Sole Owner to Corporate, Statute of Limitations on Judgements & More on Displaying License Numbers on Vehicles

Some things in life and contractor’s licensing require more time, money or explanation, some less and some can’t be ‘satisfied’ no matter how long you wait, explain or would be willing to spend. But, first there’s more…

We always appreciate the sharp eyes of readers, some of whom got in touch about the way company names and contractor license numbers must be displayed on vehicles. The key is how the vehicle is registered with the DMV.

While space limits our answers at times, this one does need further clarification, as the real practice by many may be out of synch with the actual letter of the law which spells out how and when names and license numbers are required:

 

“C-36” Plumbing, “C-45” Sign, and “C-57” Well-Drilling contractors must display the following information on each side of every business vehicle with commercial registration in letters at least 11⁄2 inches high (B&P Section 7029.5): Business name, permanent business address and contractor’s license number.  All other licensed contractors must display their business names and contractor license numbers on every one of their commercially registered vehicles. The name and number must be in a clearly visible location in letters at least 3⁄4 inch high and wide (B&P Section 7029.6).  For more visit: www.cslb.ca.gov/Resources/GuidesAndPamphlets/AdvertisingGuidelines.pdf

We are always interested in reader feedback and welcome any inquiry for additional information at Capitol Services.

 Q:  I had a judgment on my previous Sole Owner license but it is over 8 years old.  I recently applied for a new contractor’s license in the name of my corporation.  The application was denied based on the 8-year old judgment that is still “unsatisfied”.  It was my understanding that judgments go away after a period of 7 years.  Is that not true?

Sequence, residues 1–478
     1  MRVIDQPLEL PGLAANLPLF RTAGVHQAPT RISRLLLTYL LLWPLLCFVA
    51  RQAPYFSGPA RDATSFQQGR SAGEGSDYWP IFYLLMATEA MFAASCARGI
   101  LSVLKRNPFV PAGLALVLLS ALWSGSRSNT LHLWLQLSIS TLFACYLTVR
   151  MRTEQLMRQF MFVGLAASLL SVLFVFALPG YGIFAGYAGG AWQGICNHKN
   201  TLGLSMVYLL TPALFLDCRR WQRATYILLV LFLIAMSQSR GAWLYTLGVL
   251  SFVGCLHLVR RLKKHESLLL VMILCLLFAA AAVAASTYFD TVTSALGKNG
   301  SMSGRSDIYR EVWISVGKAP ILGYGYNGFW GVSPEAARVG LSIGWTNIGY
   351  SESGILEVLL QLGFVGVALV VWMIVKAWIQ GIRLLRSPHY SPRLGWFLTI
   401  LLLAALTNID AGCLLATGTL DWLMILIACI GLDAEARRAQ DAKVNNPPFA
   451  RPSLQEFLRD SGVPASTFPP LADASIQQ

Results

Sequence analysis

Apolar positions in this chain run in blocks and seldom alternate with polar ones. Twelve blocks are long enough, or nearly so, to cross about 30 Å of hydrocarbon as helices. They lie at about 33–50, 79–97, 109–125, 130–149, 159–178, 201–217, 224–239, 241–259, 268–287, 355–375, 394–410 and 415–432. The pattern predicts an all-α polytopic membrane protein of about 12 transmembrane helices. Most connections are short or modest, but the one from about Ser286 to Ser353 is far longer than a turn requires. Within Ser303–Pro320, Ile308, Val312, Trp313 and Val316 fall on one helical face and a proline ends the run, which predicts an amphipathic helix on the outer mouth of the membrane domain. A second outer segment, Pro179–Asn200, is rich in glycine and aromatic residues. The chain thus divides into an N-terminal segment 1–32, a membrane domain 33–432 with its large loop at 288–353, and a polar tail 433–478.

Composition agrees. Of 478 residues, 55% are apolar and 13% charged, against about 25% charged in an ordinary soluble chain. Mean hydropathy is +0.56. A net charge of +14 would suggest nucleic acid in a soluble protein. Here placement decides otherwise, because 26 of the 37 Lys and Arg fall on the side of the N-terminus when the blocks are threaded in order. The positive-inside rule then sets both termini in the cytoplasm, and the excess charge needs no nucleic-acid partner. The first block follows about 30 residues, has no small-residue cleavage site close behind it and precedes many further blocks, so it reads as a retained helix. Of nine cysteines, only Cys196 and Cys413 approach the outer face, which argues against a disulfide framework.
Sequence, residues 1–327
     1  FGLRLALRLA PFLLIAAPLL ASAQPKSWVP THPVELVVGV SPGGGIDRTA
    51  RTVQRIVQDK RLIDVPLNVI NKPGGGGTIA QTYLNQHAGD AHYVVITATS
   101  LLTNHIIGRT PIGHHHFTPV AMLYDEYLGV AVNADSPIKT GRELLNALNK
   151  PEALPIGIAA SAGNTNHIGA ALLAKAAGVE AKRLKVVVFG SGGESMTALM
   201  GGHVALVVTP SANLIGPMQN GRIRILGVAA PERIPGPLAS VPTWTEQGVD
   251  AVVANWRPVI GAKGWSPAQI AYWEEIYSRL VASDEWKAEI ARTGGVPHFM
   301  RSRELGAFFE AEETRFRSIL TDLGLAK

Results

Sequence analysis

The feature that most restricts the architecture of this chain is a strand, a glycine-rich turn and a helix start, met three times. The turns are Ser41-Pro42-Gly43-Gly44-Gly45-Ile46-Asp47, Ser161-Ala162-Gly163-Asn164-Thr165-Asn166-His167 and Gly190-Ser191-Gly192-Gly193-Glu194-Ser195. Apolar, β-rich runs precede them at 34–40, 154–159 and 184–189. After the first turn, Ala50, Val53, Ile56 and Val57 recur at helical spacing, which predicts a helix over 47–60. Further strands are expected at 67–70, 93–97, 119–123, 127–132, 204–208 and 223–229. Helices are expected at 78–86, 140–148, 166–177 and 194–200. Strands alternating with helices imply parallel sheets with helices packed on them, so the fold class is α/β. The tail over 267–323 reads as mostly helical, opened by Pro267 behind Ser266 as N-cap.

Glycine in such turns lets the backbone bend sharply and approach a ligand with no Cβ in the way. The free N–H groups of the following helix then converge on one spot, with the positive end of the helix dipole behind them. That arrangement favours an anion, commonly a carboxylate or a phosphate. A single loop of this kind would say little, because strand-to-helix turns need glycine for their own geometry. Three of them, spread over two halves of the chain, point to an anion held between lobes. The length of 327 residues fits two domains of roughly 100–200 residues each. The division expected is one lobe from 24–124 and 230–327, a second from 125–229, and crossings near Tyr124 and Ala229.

A:  It is our understanding that the CSLB has no statute of limitations for a judgment on a license.  The Superior Court of California does have a 10-year statute of limitations.  After 10 years, if the Superior Court does not renew the judgment, you can provide proof of non-renewal to the CSLB in order to have the judgment forgiven.

Q:  I currently have a Sole Proprietorship contractor’s license and I am in the process of incorporating.

I will submit a “Licensed Sole Owner Applying for Corporate License” form.  The current license is in good standing; and the corporation is formed by the individual licensee; and the Sole Owner licensee has at least 51% ownership of the new corporation.  I am aware that once the number is transferred, it belongs to the corporation and cannot be reissued to an individual at a later date.

 

My question is:  How are my contracts in progress affected by the change in business structure? For example, if the license is transferred to the corporation in January, and work covered under a contract signed with the Sole Proprietor entity is still in progress when the transfer occurs, are we still in compliance with being licensed at all times?

 

I appreciate any information, as I am not able to find it anywhere.

A:  If you will still have work in progress under the Sole Owner/Proprietorship license when the conversion takes place, while you will still be in compliance, you will want to also inform each of your customers that have work in progress that the change has taken place.  You should do this in writing and you can inform them that the license number, ownership, bonding company, Worker’s Comp, etc. remains the same, but that you have converted from a Sole Proprietorship to a Corporation.

Also just FYI, beyond the Sole Owner to Corporation form you will also need to complete and submit a waiver application.

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